In the years 1842–3, Mr. Watkin suffered constantly from impaired health. Death had often bruised him and passed by. The seven years in Tonga had taxed his physical and mental constitution to the last limit. There were days and nights of pain and mental depression. He blamed himself for his imagined failure, but he lashed himself to his arduous tasks. At one time he “hopes to be soon where he can obtain proper advice and treatment.” He is willing “to resign and leave his charge and make room for a stronger man.” He imagined “his work was falling short of success.” He had no comradeship with intellectual equals nor any real spiritual fellowship—“his loftiest thoughts had to be caged in his own lonely heart.” At another time he “fears to die and leave my wife and so young a family as mine.”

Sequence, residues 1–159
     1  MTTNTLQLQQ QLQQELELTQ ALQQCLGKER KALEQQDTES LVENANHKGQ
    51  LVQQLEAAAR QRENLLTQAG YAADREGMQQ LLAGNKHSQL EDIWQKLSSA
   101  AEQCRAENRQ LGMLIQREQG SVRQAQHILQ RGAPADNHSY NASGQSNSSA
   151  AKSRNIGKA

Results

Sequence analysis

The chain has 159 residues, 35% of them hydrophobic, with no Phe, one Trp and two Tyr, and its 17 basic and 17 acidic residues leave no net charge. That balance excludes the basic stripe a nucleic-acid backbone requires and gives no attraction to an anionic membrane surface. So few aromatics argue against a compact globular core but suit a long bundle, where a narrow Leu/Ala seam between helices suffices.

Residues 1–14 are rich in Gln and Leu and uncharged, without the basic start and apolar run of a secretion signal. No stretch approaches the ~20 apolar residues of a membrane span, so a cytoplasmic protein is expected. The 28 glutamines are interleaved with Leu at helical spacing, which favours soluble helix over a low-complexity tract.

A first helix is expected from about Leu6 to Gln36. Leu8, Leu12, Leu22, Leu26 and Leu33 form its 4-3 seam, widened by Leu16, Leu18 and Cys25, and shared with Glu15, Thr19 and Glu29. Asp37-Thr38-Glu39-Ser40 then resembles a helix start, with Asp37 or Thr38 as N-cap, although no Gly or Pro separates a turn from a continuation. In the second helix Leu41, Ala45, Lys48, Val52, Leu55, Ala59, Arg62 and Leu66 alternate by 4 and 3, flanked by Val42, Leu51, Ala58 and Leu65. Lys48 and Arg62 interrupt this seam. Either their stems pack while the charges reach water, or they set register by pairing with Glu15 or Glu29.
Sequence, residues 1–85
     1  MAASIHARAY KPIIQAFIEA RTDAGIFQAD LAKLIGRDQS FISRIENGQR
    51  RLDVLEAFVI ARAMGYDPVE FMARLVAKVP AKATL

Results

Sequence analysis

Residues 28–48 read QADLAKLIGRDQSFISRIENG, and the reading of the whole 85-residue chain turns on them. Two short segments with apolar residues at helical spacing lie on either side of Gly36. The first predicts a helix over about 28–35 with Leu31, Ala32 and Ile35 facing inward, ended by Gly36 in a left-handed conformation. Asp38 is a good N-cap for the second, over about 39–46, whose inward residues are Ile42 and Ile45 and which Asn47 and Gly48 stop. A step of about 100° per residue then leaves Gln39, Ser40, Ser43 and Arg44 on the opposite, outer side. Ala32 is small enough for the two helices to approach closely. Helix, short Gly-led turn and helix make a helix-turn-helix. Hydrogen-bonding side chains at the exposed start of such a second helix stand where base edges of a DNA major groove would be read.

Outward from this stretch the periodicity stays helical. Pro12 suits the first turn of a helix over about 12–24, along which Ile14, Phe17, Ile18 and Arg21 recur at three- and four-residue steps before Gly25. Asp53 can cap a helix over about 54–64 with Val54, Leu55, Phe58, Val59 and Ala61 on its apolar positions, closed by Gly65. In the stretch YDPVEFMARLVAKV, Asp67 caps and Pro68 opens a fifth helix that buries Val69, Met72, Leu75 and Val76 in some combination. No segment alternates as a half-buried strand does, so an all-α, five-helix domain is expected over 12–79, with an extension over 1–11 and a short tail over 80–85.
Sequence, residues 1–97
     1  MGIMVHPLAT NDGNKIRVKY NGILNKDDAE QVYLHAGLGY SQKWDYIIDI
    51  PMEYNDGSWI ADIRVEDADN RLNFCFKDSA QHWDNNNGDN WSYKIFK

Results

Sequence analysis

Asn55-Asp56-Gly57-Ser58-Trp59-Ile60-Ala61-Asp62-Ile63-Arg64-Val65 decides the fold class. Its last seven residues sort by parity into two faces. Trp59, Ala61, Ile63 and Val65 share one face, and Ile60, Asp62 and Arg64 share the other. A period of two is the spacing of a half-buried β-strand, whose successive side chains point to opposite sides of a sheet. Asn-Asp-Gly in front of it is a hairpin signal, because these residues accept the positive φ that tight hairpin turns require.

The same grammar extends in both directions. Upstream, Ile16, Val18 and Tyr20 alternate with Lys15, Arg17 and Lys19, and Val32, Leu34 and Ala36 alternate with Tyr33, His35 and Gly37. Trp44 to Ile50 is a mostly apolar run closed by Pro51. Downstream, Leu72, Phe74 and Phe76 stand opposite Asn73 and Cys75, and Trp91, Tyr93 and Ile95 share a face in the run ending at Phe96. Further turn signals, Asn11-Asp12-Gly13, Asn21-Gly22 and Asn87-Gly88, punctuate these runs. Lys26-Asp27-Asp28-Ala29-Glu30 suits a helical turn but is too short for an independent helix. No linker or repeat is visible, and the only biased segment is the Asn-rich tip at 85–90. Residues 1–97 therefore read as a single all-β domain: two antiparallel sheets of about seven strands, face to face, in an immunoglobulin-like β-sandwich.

Mrs. Watkin carried a heavy load of care. Twice she had been page 31 “near unto the gates of death.” At another time, suffering from the torture of neurasthenia, Watkin wrote: “This has been a poorly week; on Monday night I was cupped by a German surgeon attached to a Bremen whale ship then at Otago (Otakou), and which to the honour and glory of the owner, be it told, carries a chaplain, the first instance I have heard of a whale ship doing so. Let England and America blush and imitate Bremen. The vessel is named Juliana, owner Mr. Fritz. Nine glasses were used, the scarifier containing fifteen lancets and two applications were to each place. I fear that the quantity of blood taken was insufficient to secure relief, powerful medicines were prescribed and taken, and altogether I have been a good deal weakened.” He felt keenly his inability to do what he regarded a full day's work, causing him to depend upon his native pastors to supply his lack. He expressed his willingness to leave the district in order to make room for a person physically fit and more capable to endure the strain of the long journeys involved in such a far-flung parish. He said: “The people hereabout love me … and I feel a strong concern for their interest…. I often think my days are numbered. Thou Judge of all the earth will do right.”